The science of water explained to APES students


Aliza Porter

AP Environmental Science students enter the John Bunker Sands Wetland Center on Thursday and Friday to see their study on water quality come to life. With over three hours of exploration, students were given the opportunity to hear an informative lesson, participate hands on activities, and test water quality with their classmates.

Aliza Porter, Assignment Editor

AP Environmental Science students spent Thursday and Friday at the John Bunker Sands Wetlands in Seagoville where educator Edith Hilborn talked to students about water and water quality.

“Wetlands clean water,” Hilborn said. “It takes no power, it creates a wonderful habitat, it provides recreation. Things like hiking and bird watching, things like that. They’re very important. They’re also very important for refreshing the Earth, getting the water back down in the soil, those kinds of things.”

The East Fork Wetland Project provides the North Texas Municipal Water District (NTMWD) with over 102,000 acre-feet of water per year; the same capacity of water supplied by Lake Lavon.

“I think that people your age need to know where their water comes from and how it gets cleaned because most people don’t know,” Hilborn said. “You guys didn’t know when you came in this morning where your water comes from. You just turn your faucets on and expect it to be there. The more you know about something, the more appreciative you are of it and the more you want to take care of it so I think knowledge is power in this case where you have to know about it in order to understand it and understand it in order to take care of it.”Students were able to see for themselves how a man made wetland can provide for good water quality by testing its pH, nitrates, phosphates, dissolved oxygen, and turbidity by utilizing tools such as, a water testing kit.”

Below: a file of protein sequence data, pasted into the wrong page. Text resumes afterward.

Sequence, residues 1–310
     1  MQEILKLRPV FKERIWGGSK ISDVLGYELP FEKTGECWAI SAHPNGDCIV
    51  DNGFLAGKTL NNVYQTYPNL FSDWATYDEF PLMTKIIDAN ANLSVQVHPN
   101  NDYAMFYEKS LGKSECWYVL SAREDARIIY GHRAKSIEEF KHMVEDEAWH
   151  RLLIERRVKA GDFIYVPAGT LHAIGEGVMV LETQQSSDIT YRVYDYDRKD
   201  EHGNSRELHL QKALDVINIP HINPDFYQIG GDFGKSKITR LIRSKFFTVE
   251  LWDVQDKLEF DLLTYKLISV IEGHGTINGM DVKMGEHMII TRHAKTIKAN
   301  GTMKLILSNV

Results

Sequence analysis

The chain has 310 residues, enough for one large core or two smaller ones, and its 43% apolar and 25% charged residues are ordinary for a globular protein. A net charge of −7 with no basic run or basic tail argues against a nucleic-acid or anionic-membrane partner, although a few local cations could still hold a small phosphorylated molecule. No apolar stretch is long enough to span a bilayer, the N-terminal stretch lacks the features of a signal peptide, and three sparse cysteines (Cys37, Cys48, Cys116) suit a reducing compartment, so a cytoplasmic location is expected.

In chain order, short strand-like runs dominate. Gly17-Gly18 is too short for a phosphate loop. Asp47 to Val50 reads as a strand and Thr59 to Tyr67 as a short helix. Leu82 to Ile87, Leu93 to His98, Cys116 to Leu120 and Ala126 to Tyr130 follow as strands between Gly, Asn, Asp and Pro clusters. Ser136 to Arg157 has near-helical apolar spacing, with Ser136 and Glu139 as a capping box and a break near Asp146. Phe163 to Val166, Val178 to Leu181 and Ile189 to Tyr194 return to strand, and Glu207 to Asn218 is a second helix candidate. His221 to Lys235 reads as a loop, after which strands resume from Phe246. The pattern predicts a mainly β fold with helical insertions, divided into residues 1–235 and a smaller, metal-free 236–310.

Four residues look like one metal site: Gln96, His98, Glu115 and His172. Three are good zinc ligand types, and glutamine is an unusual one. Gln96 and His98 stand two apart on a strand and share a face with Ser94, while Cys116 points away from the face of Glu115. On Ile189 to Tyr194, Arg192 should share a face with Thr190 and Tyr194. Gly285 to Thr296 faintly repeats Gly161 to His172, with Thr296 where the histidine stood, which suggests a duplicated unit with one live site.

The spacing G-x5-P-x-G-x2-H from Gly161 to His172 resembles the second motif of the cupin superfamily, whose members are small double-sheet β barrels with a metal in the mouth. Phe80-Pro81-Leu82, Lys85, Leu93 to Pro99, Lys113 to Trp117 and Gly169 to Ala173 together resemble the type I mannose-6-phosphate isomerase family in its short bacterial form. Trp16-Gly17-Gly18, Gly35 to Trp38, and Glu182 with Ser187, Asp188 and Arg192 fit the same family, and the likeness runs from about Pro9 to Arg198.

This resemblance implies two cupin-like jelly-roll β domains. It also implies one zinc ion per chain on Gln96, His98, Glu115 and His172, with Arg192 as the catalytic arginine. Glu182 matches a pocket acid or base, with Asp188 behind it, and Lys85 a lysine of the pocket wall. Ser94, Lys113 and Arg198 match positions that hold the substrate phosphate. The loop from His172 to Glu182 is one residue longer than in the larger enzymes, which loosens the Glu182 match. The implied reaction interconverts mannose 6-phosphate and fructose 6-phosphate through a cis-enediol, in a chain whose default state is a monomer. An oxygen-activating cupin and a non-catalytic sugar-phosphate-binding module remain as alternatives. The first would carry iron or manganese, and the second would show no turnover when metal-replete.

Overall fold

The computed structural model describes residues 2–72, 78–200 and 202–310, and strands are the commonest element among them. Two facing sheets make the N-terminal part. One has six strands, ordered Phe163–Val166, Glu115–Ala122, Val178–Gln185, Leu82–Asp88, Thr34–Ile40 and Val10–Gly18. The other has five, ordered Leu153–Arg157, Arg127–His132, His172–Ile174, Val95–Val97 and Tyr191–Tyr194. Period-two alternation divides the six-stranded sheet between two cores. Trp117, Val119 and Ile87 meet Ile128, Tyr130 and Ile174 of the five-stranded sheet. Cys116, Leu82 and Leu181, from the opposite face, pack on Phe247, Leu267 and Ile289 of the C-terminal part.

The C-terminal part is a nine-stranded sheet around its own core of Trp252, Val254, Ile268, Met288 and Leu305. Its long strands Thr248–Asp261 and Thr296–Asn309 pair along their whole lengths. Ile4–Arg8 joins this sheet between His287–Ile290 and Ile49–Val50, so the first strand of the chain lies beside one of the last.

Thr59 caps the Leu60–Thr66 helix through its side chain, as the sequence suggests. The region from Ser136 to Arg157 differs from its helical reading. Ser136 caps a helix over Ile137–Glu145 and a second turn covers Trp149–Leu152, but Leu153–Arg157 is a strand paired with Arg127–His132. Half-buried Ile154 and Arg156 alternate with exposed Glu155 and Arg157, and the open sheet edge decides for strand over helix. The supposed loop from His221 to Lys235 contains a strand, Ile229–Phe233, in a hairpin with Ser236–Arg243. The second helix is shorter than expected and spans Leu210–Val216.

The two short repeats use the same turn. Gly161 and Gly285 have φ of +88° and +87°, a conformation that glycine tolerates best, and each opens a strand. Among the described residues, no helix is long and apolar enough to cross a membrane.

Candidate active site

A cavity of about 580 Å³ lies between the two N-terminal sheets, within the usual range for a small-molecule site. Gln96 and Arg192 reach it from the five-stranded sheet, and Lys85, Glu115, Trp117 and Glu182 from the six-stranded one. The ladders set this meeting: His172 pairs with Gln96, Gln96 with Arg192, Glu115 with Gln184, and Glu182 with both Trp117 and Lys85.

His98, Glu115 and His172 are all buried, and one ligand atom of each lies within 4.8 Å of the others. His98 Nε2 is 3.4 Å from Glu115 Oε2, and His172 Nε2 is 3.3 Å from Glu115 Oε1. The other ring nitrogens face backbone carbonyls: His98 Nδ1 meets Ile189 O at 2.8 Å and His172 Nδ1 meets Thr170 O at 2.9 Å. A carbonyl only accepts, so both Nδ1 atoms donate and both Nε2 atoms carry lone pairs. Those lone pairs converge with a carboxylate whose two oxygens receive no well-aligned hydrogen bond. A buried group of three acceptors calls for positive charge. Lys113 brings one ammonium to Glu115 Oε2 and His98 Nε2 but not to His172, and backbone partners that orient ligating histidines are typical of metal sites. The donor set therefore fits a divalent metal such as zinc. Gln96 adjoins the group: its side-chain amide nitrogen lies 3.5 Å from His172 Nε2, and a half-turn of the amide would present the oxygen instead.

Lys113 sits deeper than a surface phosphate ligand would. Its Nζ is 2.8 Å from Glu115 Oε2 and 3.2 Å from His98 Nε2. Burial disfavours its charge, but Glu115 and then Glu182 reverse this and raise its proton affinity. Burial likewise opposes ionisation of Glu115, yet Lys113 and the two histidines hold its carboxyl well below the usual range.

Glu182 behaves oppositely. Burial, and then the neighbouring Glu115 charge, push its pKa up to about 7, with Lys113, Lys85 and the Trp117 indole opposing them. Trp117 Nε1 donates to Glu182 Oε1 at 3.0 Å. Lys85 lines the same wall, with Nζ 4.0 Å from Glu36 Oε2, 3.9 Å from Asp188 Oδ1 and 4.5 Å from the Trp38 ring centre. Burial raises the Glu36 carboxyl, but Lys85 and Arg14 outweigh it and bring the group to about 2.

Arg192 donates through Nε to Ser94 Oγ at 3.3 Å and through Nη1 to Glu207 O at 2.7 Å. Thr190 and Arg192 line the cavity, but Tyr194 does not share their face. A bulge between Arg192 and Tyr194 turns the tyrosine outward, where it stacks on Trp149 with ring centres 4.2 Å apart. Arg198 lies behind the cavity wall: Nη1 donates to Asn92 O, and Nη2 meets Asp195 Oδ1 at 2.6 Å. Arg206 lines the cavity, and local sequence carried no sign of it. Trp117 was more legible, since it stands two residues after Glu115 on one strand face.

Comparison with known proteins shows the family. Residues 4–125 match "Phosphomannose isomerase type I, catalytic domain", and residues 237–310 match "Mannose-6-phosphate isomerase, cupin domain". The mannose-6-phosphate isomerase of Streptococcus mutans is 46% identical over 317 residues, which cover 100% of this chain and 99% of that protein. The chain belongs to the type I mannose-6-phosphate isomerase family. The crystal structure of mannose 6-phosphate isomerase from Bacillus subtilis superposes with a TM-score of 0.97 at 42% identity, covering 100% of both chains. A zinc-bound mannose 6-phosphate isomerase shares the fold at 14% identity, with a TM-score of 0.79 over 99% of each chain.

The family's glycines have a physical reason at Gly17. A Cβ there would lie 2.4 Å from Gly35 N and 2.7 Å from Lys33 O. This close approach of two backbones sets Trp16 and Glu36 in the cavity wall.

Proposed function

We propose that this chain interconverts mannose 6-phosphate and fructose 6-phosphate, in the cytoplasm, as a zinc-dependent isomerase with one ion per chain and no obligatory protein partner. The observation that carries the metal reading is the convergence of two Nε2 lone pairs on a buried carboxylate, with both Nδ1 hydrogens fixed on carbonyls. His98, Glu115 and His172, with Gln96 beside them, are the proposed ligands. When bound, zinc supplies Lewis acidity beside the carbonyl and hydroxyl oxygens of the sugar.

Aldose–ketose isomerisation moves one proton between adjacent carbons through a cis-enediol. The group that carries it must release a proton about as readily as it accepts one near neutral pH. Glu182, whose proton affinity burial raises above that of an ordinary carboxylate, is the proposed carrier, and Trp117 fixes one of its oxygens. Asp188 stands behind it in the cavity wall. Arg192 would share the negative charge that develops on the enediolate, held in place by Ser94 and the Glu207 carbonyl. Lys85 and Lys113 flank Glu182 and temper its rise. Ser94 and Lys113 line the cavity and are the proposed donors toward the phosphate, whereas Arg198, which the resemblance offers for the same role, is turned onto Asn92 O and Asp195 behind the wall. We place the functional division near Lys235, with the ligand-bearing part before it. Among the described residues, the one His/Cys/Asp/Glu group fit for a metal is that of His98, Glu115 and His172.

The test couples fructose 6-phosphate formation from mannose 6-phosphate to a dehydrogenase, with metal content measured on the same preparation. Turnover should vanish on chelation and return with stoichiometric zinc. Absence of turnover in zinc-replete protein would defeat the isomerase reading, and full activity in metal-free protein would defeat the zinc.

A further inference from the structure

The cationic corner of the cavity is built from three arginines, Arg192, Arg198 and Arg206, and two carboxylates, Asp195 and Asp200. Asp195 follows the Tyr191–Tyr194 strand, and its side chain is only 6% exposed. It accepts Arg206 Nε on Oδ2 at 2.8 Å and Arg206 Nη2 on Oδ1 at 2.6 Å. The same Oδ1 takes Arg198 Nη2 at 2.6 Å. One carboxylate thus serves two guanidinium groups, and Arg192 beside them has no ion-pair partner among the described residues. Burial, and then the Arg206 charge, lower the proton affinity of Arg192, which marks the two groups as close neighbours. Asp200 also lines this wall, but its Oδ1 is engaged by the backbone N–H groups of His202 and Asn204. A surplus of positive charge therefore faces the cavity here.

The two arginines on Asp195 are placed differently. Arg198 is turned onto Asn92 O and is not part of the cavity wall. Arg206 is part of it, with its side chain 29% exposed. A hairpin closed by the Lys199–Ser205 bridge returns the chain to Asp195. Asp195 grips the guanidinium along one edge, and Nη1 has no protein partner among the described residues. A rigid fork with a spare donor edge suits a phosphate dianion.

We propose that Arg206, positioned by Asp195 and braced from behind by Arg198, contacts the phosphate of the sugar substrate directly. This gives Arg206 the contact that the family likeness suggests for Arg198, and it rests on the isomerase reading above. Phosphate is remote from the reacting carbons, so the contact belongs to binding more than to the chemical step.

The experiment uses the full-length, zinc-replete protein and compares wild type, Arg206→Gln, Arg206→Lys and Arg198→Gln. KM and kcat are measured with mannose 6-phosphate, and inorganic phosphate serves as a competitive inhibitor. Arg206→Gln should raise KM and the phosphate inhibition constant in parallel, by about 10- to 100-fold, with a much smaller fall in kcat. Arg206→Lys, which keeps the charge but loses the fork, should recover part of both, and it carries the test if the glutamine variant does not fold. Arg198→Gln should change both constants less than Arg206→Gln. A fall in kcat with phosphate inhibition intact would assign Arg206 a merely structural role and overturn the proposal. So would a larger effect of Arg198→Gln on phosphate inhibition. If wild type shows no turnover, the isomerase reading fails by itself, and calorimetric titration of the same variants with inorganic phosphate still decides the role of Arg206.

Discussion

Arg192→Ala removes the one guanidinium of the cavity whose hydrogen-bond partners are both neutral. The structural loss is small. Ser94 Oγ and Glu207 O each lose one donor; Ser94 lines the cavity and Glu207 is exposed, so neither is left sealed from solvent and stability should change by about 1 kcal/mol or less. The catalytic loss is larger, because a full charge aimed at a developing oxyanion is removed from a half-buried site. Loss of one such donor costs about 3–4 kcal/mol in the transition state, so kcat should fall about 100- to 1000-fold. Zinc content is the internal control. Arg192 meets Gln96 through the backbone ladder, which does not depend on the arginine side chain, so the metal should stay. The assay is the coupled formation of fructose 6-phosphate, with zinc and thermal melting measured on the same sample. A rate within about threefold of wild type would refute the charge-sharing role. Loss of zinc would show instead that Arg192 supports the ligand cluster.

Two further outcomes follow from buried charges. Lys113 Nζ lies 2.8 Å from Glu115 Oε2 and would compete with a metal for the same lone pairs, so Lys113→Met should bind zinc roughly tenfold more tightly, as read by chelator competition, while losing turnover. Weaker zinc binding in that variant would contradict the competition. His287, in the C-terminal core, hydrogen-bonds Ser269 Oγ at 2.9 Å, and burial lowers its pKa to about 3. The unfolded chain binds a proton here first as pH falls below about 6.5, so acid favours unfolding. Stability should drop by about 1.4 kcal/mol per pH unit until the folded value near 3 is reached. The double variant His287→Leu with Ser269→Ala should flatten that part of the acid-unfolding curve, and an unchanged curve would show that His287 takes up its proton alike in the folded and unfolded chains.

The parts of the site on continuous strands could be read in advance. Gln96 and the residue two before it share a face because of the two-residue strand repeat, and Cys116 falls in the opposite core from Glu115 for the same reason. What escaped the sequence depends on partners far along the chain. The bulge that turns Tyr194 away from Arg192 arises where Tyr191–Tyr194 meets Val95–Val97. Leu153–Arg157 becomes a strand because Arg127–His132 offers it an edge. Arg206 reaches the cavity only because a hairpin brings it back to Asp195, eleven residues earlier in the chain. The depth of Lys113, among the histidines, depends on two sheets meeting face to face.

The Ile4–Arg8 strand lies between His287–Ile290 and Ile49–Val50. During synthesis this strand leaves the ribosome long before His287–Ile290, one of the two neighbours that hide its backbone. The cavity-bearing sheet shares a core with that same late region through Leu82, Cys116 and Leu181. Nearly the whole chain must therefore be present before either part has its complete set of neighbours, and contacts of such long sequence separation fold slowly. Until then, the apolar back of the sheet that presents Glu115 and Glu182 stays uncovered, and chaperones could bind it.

The Wetland Center educates the public and provides research opportunities in water quality and supply, wildlife management, and wetland systems.

“Man made reservoirs can be very pretty and sustain life,” senior Mary Formichella said. “It shows you how the way you use water and the mistreatment and over usage can affect land and how it also affects wildlife.”

For senior Diya Deepak, the field trip opened her eyes to the importance of water and an understanding of how we get our drinking water.

“The water that we bathed in like a year ago is the water that we will eventually still drink again like a year later,” Deepak said. “I think it’s beneficial because we get to see how it all works and the wetland water. That’s our drinking water in Frisco and it teaches us to not take everything for granted.”